Scientific Classifications explained
» Fungi & Lichens
» Leaf Mines
» Wild Flowers
UK Nature > Wild Flowers > Red & Pink Wild Flowers >
Common Name(s): Creeping Thistle
Scientific Name: Cirsium arvense
Cirsium arvense is a species of Cirsium, native throughout Europe and northern Asia, and widely introduced elsewhere. The standard English name in its native area is Creeping Thistle. It is a herbaceous perennial plant growing to between 30cm and 100cm in height, forming extensive clonal colonies from rhizomes that send up numerous erect stems each spring. The stems are green, smooth and glabrous (having no trichomes or glaucousness), mostly without spiny wings. The leaves are very spiny, lobed, up to 15–20 cm long and 2–3 cm broad (smaller on the upper part of the flower stem). The inflorescence is 10–22 mm diameter, pink-purple, with all the florets of similar form (no division into disc and ray florets). The flowers are usually dioecious, but not invariably so, with some plants bearing hermaphrodite flowers. The seeds are 4–5 mm long, with a feathery pappus which assists in wind dispersal. The seeds are an important food for goldfinches and linnets, and to a lesser extent for other finches. Creeping thistle foliage is used as a food by over 20 species of Lepidoptera, including the painted lady butterfly and the engrailed, a species of moth, and several species of aphids; the flowers are visited by a wide variety of insects.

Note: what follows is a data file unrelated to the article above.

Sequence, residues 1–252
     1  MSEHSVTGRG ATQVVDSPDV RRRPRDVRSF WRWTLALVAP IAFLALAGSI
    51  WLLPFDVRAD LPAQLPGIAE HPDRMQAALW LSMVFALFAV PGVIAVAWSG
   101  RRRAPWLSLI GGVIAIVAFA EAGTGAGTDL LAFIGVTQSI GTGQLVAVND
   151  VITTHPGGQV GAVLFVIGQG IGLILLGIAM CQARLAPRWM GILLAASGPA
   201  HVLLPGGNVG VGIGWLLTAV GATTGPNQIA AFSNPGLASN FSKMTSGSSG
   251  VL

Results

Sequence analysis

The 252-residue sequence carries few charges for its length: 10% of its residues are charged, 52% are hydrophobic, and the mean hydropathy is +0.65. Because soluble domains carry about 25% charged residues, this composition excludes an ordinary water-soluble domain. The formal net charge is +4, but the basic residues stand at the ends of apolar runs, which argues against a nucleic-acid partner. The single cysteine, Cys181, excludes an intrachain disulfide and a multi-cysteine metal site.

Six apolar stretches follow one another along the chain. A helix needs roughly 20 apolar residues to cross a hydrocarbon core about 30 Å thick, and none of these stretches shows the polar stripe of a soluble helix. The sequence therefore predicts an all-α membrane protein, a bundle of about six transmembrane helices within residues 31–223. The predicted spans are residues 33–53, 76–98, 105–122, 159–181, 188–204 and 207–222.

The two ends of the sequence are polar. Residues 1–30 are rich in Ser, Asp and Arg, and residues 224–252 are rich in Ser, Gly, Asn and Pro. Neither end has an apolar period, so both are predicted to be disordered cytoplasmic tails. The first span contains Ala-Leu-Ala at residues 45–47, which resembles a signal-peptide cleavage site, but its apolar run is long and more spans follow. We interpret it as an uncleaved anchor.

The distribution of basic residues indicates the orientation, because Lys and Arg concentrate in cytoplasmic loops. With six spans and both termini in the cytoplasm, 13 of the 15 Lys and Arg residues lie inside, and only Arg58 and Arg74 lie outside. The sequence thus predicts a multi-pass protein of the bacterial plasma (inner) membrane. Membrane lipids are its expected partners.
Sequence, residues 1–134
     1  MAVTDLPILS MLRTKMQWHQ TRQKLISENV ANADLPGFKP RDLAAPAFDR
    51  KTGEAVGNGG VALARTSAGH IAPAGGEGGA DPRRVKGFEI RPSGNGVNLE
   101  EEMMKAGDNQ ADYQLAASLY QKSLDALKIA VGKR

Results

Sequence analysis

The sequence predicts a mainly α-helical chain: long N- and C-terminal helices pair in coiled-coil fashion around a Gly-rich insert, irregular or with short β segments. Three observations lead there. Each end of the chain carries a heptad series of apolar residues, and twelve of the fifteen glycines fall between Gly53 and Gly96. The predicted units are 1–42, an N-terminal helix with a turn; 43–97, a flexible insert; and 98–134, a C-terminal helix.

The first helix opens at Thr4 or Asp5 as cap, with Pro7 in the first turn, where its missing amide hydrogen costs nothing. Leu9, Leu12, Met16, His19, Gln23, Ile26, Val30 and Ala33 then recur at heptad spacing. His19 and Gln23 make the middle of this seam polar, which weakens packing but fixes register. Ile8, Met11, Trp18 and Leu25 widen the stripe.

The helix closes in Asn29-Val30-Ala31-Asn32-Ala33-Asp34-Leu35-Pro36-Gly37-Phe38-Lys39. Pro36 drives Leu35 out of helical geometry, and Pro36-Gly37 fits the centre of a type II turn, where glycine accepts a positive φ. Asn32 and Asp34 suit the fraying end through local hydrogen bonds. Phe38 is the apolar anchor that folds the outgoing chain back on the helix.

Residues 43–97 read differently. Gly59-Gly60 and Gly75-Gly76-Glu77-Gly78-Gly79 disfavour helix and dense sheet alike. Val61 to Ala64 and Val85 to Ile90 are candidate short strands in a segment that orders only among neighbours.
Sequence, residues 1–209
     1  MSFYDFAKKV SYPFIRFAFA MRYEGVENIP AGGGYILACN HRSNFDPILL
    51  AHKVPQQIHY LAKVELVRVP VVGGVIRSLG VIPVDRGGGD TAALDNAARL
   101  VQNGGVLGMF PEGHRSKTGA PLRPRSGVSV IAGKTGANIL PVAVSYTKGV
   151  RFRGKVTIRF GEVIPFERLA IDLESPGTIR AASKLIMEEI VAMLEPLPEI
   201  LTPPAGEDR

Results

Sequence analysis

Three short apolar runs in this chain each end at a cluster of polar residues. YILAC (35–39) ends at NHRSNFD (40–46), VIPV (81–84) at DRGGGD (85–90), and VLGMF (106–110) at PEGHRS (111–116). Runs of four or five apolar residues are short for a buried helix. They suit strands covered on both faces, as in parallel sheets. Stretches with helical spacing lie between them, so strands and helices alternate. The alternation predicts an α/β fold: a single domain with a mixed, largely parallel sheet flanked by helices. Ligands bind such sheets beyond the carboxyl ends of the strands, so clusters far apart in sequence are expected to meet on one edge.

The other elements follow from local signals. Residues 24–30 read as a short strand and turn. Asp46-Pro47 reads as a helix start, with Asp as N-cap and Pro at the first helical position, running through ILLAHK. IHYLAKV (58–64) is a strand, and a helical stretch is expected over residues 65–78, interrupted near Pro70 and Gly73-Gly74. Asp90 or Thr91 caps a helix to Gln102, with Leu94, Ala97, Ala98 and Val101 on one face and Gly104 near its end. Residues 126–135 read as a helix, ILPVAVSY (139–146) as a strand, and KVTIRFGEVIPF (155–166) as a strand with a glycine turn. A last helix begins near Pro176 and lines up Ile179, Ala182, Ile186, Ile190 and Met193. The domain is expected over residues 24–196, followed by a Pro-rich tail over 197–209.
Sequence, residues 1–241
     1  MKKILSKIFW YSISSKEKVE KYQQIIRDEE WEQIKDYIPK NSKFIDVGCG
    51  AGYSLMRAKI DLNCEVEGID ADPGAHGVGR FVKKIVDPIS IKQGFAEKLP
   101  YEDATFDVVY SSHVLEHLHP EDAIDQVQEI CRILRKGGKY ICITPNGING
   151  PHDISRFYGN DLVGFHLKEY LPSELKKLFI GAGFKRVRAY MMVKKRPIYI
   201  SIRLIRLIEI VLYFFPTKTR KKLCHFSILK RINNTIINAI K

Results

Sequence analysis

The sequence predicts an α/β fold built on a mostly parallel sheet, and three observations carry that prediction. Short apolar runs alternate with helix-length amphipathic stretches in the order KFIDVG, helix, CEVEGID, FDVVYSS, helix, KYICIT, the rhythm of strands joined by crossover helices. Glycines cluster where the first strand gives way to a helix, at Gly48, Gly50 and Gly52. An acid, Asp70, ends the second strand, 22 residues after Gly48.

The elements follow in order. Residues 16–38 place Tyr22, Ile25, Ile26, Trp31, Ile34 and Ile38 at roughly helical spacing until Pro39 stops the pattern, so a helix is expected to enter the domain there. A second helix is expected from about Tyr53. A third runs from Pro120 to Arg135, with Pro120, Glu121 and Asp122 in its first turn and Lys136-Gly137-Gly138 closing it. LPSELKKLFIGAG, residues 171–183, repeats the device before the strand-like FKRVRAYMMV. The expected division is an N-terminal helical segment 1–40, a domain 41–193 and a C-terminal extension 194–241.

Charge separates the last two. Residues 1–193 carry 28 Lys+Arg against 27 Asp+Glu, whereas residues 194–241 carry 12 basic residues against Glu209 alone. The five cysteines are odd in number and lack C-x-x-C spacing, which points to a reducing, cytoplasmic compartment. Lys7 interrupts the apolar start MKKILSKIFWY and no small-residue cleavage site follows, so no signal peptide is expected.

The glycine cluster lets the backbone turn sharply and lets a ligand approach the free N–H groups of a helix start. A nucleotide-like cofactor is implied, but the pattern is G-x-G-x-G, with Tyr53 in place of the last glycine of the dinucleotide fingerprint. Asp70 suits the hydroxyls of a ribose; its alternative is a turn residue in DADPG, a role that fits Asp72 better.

www.uknature.co.uk is a website dedicated to showing the immense diversity of UK nature and wildlife. Our vast range of habitats, from lowland arable to snow covered mountains, from storm-ravaged coastlines to peaceful inland freshwater lakes and rivers, from dry, sandy heaths to deciduous and coniferous forests, all these habitats contribute to the abundance of UK nature. We have wild birds in huge numbers either residing or visiting our shores (597 recorded species as at July 2013) and we must also not forget the humble back garden with its grass lawns, flower beds filled with nectar rich flowers, shrubs and trees, all designed to attract huge numbers of insects such as bees, moths, butterflies and hoverflies; and finally the small ponds which provide safe havens for frogs, toads, newts and even slow worms and grass snakes. www.uknature.co.uk is the showcase for my personal passion, photographing uknature in all its glory. I sincerely hope you all enjoy the fruits of my labours.
This site and all images contained therein is © Jeremy Lee 2004 - 2016. All Rights Reserved. Site design by DDS. Web Development by Stuart Lee at updownleftright.net